Clarissa Pinkola Estes, in her book, “Women Who Run With The Wolves,” states that, “Men and women may carry a form of scattershot rage that compels them to pick, pick, pick, or use coldness like an anesthesia, or give out sweet words while meaning to punish or demean. They may force their own will on those who are more dependent on them or may threaten them with severance of a relationship or affection.” Like the man in the story, many of us decide to embark on a cleanup campaign, vowing to be nicer, not to drink, swear, yell, and be abusive or whatever our vice may, be. I can remember, prior to finding my sobriety through Alcoholic Anonymous, I was “Born Again” several times as a Christian. Apparently, I felt it did not work the first time, seeing that I would revert to using mood altering chemicals and all the detrimental behaviors that came with it. We find, as the man in the story did, that the cleanup campaign does not generally work. We cannot extinguish the flame of anger and rage by sitting on it or medicating it with alcohol and drugs. What happens with the man in the story, will happen with us. “The man offering water was immediately enraged, so much so he was blinded by it, and seizing the rider down from his camel, killed him on the spot.” This man thought he had conquered rage after years passed, and he suffered no more fits of temper, but that was not the case. You cannot extinguish your rage by hiding out by withered trees or in a bottle of alcohol.

Countless times when an individual has said and done something to injure us, we want them to suffer as we do. We want vengeance. We think that if they agonize as we do, it follows that will make us feel better. In truth, what generally happens is the other person wants to hurt you back. It perpetuates the vicious cycle of anger and hate. Thich Nhat Hanh proposes that when someone hurts us, we should go back to our suffering, to our anger and pay attention to it. Even so, most of us don’t want to do that. We want to go with our anger, follow our suffering. We want to pursue the person who hurt us and hurt them back.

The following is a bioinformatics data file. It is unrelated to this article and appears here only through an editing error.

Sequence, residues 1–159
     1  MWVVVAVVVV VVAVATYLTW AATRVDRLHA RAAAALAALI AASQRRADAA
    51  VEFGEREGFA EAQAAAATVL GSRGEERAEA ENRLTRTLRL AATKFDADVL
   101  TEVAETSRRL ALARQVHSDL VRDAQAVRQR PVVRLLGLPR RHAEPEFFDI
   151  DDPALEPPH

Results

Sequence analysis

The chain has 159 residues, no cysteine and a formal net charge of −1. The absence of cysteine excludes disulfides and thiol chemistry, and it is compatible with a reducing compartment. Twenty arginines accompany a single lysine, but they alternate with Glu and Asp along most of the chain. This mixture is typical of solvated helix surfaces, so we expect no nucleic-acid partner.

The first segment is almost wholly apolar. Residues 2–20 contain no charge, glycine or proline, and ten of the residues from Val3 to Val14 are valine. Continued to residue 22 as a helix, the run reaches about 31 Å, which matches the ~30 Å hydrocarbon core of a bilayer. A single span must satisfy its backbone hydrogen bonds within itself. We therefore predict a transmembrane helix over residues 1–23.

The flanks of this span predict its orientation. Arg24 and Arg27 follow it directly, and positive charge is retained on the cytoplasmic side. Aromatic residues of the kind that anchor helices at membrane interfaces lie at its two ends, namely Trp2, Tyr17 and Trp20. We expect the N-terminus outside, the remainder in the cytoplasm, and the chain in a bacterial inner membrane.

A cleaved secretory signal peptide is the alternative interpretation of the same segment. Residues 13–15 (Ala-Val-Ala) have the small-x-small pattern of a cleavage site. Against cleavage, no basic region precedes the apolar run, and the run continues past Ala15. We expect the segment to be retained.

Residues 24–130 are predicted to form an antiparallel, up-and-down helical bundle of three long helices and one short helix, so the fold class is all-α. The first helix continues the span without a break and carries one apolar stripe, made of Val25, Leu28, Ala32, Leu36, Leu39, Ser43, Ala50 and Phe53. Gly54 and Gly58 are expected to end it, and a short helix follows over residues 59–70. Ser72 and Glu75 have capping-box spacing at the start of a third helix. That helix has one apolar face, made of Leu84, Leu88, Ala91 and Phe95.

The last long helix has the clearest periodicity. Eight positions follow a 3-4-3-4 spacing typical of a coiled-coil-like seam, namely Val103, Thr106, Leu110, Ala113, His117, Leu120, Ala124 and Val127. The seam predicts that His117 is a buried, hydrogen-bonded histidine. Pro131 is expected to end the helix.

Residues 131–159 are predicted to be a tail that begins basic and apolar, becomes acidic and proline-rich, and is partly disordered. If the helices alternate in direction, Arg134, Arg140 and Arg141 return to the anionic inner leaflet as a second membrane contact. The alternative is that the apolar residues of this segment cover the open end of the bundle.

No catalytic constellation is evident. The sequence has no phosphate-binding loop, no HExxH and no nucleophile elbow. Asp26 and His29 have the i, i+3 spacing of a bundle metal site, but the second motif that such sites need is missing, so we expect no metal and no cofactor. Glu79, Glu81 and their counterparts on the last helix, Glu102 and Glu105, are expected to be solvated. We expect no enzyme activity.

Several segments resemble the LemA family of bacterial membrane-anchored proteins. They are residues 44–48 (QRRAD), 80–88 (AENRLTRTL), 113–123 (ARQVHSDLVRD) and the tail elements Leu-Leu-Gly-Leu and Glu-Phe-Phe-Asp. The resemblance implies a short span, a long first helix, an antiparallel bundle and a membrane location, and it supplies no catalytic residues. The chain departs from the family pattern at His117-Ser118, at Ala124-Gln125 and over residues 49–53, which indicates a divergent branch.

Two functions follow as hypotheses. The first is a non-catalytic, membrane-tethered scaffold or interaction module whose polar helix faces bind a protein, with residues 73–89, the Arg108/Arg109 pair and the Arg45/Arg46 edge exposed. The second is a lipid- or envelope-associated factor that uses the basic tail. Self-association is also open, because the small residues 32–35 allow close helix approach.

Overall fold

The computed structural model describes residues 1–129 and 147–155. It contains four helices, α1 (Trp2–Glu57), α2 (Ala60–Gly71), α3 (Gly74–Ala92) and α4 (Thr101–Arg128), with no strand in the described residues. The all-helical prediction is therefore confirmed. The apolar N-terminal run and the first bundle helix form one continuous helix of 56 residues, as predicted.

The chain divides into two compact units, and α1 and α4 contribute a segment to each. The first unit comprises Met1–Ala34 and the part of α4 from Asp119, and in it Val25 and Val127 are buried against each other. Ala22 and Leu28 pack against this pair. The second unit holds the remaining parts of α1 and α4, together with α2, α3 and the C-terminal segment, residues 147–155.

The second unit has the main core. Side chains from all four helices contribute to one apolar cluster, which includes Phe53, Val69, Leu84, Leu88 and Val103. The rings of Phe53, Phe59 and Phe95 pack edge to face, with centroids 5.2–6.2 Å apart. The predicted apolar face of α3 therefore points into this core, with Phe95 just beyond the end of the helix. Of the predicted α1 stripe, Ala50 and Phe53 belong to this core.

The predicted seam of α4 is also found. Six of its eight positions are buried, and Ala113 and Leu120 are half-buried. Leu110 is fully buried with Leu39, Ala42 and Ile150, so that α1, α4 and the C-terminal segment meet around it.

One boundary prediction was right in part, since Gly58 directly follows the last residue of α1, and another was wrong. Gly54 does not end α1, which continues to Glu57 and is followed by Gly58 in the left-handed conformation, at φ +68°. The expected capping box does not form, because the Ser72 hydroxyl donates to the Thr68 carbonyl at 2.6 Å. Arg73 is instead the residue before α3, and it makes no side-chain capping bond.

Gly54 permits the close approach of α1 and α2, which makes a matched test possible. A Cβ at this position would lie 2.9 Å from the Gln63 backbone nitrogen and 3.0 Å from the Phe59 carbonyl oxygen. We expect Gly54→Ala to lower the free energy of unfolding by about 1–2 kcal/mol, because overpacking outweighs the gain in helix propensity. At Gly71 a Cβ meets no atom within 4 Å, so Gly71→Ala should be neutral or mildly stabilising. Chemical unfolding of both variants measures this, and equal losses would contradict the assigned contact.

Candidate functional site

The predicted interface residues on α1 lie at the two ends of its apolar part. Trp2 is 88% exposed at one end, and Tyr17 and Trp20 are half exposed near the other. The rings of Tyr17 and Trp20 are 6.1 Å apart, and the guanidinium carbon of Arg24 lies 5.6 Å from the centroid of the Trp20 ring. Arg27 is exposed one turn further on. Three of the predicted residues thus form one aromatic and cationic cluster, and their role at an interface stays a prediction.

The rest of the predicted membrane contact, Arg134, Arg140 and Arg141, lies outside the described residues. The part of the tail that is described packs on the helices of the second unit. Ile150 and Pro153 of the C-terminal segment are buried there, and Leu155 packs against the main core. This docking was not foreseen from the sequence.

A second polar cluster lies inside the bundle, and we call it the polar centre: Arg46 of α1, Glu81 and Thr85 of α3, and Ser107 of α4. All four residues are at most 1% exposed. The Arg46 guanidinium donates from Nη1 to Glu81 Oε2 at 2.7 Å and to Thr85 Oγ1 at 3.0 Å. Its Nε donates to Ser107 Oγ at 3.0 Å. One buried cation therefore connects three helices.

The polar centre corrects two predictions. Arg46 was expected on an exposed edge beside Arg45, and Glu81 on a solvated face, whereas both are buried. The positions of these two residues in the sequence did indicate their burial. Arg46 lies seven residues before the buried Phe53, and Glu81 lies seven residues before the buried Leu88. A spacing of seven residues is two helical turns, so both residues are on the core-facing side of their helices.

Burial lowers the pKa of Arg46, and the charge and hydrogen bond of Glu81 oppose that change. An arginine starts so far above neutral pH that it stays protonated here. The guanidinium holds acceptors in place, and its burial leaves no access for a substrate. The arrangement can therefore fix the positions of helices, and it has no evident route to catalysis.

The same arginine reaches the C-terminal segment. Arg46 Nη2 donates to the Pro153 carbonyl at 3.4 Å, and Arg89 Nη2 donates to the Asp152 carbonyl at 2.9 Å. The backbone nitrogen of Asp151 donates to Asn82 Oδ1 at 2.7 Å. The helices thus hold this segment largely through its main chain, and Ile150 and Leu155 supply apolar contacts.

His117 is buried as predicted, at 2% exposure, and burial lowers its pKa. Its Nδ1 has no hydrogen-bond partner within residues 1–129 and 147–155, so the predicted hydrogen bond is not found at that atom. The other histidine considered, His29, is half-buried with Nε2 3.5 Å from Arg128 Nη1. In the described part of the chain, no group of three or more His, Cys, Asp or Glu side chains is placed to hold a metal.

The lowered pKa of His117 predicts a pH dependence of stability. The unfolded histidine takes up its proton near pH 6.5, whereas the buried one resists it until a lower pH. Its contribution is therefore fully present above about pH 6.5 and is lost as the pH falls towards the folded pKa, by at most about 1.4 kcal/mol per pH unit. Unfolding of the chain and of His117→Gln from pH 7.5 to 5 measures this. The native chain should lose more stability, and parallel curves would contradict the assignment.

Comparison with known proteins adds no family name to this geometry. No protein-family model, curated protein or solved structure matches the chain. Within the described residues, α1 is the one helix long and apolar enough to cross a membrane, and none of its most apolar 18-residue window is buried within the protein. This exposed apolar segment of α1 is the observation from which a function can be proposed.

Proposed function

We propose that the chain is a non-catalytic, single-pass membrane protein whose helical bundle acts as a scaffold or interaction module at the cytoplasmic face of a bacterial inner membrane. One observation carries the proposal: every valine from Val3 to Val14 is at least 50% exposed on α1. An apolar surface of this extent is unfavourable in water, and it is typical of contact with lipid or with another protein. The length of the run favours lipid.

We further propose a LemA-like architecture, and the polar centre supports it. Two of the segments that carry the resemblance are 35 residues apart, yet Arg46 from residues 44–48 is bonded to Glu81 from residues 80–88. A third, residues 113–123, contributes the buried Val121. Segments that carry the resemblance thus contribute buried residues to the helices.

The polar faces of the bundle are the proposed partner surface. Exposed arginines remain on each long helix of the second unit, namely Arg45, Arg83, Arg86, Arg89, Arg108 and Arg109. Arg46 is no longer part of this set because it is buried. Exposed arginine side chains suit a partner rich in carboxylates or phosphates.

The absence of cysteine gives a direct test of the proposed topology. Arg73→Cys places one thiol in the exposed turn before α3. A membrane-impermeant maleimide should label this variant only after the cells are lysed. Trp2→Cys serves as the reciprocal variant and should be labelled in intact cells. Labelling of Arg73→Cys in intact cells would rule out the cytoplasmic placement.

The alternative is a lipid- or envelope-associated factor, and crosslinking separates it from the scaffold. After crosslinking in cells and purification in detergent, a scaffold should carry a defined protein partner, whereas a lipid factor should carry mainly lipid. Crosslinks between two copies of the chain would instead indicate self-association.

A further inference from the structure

Thich Nhat Hanh states that if your house is on fire, the most urgent thing to do is to go back and try to put out the fire, not to run after the person you believe to be the arsonist. He suggests that when you are angry, if you continue to interact with or argue with the other person, if you try to punish her/him, you are acting exactly like someone who runs after the arsonist while everything goes up in flames.

I introduced this article by saying you can’t separate the body and mind. Clearly, the story of, “The Withered Trees”, illustrates this. We can separate our body from drugs and alcohol, but if we don’t work on cleansing our mind, healing our soul, our demise will be like the man in the story, what we call “dry drunk” in the recovery world. Moreover, as stated earlier by Thich Nhat Hanh, “We must pay more attention to the biochemical aspect of anger, because anger has its roots in our body as well as our mind.

The Buddha gave us an effective means to put out the fire in us: it is called mindfulness, living in the moment. One must embrace the anger, listen to what it says, and learn from it. Anger can and will be a teacher if you allow it.

I want you to try this for a week: Thich Nhat Hanh says, “to breathe in consciously is to know that the air is entering your body, and to breathe out consciously is to know that your body is exchanging air. Thus, you are in contact with the air and with your body and because your mind is being attentive to all this, you are in contact with your mind too; just as it is.” This is mindful breathing. This is tool to use to help embrace your anger and learn from it.